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BREAD AND WINE THROUGH LENT REFLECTING ON HUNGER AND CAPITAL PUNISHMENT
WEEK 1 MARCH 5-MARCH 12—LENT AND THE HIDDEN COST OF CAPITAL PUNISHMENT
Christianity is an odd religion in that the central human figure, Christ, is executed by the state. We do not see that in any other faiths: Buddha died of food poisoning at 80 and the Prophet Muhammad died of natural causes at 63.
It should mean something to Christians, then, that an execution is at the center of the faith. One part of that meaning could have something to do with those who were a part of the process—the prosecutor, the judges, the witnesses, and executioners. The process of execution led them all to some form of ruin: Judas, the government cooperator was torn asunder; Peter, called to be a witness, denied Christ; Caiaphus, the prosecutor, was so tortured he tore at his clothes; Pilate, the person who denied clemency, was tortured by the decision; and even the Centurion guard at the execution itself cried out at the injustice he saw.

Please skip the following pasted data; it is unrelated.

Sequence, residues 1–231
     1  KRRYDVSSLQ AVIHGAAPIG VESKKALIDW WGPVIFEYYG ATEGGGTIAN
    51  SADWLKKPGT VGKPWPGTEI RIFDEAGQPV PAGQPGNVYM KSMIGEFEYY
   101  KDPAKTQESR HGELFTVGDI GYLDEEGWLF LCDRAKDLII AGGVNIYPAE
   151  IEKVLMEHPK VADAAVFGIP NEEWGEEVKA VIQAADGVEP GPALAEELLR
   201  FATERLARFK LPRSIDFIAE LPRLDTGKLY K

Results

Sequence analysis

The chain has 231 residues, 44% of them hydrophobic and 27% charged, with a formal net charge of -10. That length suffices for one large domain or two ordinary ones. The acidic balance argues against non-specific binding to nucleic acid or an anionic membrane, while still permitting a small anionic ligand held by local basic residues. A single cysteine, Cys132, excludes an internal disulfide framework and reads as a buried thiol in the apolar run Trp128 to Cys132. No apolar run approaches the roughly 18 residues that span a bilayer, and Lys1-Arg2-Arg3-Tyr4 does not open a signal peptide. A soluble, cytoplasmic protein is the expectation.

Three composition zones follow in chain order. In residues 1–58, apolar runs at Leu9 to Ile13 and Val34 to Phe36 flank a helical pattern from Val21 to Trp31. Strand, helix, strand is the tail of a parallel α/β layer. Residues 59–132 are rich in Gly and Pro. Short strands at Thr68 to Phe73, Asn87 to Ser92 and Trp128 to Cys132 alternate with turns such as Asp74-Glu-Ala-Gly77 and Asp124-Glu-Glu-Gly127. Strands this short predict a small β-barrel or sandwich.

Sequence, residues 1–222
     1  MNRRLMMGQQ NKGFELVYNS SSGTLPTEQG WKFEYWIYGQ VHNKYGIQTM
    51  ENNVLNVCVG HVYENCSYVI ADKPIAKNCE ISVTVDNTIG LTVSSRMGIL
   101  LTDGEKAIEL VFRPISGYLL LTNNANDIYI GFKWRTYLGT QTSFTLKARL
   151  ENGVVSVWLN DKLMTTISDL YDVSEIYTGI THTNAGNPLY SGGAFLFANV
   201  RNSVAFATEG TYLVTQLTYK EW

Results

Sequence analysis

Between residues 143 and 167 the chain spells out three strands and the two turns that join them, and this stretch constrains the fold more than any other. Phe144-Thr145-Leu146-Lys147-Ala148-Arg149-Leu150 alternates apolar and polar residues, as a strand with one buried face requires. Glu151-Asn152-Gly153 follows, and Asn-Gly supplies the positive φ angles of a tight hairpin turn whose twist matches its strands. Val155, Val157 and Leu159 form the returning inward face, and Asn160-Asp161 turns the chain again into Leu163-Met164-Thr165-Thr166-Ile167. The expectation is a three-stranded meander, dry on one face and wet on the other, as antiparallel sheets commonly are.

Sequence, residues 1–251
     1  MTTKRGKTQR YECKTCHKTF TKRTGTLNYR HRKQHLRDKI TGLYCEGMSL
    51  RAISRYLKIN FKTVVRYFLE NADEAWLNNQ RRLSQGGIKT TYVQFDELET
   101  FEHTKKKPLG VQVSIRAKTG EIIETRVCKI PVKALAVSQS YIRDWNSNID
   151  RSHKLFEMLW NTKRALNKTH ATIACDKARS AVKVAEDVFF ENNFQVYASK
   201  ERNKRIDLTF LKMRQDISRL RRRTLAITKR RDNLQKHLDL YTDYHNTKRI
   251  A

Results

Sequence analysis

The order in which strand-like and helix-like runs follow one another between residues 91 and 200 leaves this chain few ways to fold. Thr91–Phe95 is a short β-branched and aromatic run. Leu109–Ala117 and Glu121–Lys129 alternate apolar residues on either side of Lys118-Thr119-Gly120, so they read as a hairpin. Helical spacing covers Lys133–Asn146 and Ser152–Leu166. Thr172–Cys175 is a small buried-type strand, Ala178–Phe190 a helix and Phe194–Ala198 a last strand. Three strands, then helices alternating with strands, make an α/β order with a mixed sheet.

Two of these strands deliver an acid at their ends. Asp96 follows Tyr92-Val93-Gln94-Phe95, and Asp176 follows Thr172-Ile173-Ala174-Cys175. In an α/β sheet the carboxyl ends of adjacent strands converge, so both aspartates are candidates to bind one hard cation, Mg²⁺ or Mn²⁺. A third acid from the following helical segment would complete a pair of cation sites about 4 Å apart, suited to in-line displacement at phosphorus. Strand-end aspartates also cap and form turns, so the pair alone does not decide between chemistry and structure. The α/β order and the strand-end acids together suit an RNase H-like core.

These broken people of the gospels foreshadow a terrible cost hidden within our current use of the death penalty.
In modern America we leave the job of looking a man or woman in the eye and telling him or her they chosen to die to jurors-paid very little—and it is a haunting decision, that haunts them all their lives.
Death is different. Capital cases chew up many of those involved—the families of the victims, the prosecutors, the defense, the guards and jailers who oversee the execution.
The characters in the story of Lent are people who are very real in their strengths and weaknesses. It must mean something that they are shown in the gospels as tortured by being a part of the machinery of death. The question left to us by this aspect of the gospel is nothing less than this: Setting all else aside, is the death penalty worth the cost to these innocents, the citizen-jurors and dutiful workers?
Philip Workman at his final meal requested a vegetarian pizza be giving to the homeless—think about the number of homeless who can be fed by the money we spend on the death penalty?
Scriptures: Gen. 2:15-17; 3:1-7 Psalm 32; Romans 5:12-19, Matthew 4:1-11. During the forty days of Lent skip a meal a day and give the money to a homeless person, food bank, or soup kitchen.
O God, your son Jesus Christ endured all the temptations and trials of human life. As we follow Christ during Lent, instill in us the love for all our neighbors, especially those without enough to eat and those on death row. Amen.
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